Financial Aid‎ > ‎

FAFSA Facts

FAFSA FACTS
To qualify for federal student aid (grants, loans, and work-study funds), you have to meet certain requirements.

Our general eligibility requirements are that you must:
  • demonstrate financial need (for most programs)
  • be a U.S. citizen or an eligible noncitizen
  • have a valid Social Security number (with the exception of students from the Republic of the Marshall Islands, Federated States of Micronesia, or the Republic of Palau)
  • be registered with Selective Service, if you’re a male (you must register between the ages of 18 and 25)
  • be enrolled or accepted for enrollment as a regular student in an eligible degree or certificate program
  • be enrolled at least half-time to be eligible for Direct Loan Program funds
  • maintain satisfactory academic progress in college or career school
  • sign statements on the Free Application for Federal Student Aid (FAFSASM) stating that
  • you are not in default on a federal student loan and do not owe money on a federal student grant and you will use federal student aid only for educational purposes; and
  • show you’re qualified to obtain a college or career school education by
  • having a high school diploma or a recognized equivalent such as a General Educational Development (GED) certificate or
  • completing a high school education in a homeschool setting approved under state law.


Many non-U.S. citizens qualify for federal student aid.

Don’t assume you can’t get aid just because you’re not a citizen.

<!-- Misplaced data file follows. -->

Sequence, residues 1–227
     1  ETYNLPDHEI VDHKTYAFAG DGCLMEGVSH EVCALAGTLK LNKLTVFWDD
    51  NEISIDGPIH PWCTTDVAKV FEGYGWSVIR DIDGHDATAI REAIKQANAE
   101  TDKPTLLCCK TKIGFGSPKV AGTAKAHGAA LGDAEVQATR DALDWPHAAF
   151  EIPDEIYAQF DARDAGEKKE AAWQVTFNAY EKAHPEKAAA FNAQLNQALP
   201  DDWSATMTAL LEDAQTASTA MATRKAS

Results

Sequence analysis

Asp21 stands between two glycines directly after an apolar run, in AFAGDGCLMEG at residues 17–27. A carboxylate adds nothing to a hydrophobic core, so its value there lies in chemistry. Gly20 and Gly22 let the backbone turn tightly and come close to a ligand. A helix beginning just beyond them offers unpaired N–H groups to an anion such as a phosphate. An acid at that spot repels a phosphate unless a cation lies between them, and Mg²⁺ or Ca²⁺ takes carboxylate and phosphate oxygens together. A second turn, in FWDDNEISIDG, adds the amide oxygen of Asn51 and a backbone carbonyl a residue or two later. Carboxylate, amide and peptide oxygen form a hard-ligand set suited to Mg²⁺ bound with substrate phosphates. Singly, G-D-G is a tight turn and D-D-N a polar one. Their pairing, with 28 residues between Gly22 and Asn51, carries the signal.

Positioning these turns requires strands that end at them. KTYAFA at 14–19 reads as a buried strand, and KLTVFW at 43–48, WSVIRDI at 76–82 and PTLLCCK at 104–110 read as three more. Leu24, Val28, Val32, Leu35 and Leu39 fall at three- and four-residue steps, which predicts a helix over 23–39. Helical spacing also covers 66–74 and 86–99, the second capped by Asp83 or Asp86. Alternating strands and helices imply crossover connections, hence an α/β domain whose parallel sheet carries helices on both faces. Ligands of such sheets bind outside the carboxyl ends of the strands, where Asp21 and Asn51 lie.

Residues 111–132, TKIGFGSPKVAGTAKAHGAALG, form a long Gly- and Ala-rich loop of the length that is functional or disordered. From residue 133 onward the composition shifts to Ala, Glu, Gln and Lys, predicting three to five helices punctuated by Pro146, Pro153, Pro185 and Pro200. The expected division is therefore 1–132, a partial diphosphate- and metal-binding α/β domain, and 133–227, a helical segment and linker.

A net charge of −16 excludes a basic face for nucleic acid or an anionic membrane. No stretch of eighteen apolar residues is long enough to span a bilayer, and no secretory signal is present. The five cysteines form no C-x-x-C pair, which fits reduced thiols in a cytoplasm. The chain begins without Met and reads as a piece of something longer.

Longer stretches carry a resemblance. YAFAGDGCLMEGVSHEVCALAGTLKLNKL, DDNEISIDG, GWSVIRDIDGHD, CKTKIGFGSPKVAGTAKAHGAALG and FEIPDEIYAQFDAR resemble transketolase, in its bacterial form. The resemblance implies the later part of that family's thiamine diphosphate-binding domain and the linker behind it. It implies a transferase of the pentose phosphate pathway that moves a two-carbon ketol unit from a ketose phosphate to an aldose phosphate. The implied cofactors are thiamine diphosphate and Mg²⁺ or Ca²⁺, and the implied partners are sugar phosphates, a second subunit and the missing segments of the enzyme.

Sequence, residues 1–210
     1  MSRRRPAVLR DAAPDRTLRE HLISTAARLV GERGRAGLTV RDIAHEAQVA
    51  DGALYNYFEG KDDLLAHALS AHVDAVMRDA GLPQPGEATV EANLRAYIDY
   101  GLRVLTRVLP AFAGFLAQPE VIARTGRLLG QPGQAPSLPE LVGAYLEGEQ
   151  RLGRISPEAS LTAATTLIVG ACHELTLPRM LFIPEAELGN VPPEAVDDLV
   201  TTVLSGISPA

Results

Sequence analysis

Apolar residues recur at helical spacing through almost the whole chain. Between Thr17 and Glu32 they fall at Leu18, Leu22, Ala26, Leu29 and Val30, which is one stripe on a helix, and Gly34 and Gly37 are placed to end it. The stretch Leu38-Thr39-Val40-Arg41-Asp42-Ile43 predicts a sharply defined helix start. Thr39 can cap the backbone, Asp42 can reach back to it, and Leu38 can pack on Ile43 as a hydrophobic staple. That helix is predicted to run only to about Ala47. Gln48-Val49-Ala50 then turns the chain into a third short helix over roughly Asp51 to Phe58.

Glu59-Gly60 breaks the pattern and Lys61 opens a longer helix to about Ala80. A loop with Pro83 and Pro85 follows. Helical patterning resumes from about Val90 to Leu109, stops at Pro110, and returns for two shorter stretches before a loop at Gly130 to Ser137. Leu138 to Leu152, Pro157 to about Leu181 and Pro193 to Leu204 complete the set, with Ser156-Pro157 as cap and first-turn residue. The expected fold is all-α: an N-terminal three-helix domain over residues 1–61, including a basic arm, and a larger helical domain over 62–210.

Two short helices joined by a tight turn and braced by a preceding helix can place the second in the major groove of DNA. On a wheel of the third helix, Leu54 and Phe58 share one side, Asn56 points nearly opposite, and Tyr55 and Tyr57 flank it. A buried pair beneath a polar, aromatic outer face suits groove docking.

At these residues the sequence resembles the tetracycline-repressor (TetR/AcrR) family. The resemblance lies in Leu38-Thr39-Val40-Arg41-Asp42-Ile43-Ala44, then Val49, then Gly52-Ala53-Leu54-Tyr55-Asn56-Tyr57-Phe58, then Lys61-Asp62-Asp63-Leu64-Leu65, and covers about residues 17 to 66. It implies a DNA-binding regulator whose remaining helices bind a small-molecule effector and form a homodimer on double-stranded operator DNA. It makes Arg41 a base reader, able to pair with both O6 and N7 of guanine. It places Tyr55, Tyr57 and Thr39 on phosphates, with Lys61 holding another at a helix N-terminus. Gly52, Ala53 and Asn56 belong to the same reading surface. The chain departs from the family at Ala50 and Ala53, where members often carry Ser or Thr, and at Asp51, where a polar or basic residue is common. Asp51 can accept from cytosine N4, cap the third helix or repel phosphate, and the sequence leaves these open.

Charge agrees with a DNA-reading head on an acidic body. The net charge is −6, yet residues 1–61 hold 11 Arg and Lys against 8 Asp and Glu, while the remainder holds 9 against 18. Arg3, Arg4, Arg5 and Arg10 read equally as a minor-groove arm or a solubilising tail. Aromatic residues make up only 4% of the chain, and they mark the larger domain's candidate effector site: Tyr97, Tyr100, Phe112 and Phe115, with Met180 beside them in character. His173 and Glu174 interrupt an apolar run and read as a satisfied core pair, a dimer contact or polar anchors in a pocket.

I am a non-U.S. citizen. Can I get federal student aid?



If you fall in one of the categories below, you are considered an “eligible noncitizen.”

1. You are a
  • U.S. national (includes natives of American Samoa or Swains Island) or
  • U.S. permanent resident with a Form I-551, I-151, or I-551C (Permanent Resident Card, Resident Alien Card, or Alien Registration Receipt Card), also known as a green card.

2. You have an Arrival-Departure Record (I-94) from U.S. Citizen and Immigration Services (USCIS) showing

  • "Refugee,”
  • “Asylum Granted,”
  • “Cuban-Haitian Entrant (Status Pending),”
  • “Conditional Entrant” (valid only if issued before April 1, 1980), or
  • “Parolee” (you must be paroled for at least one year, and you must be able to provide evidence from the USCIS that you are not in the United States for a temporary purpose and that you intend to become a U.S. citizen or permanent resident).

3. You hold a T-visa (for victims of human trafficking) or your parent holds a T-1 visa. Your college or career school’s financial aid office will ask to see your visa and/or certification letter from the U.S. Department of Health and Human Services.


4. You are a “battered immigrant-qualified alien” who is a victim of abuse by your citizen or permanent resident spouse, or you are the child of a person designated as such under the Violence Against Women Act.

5. You are a citizen of the Federated States of Micronesia, the Republic of the Marshall Islands, or the Republic of Palau. If this is the case, you are eligible only for Federal Pell Grants, Federal Supplemental Educational Opportunity Grants, or Federal Work-Study. Check with your college or career school financial aid office for more information.
Comments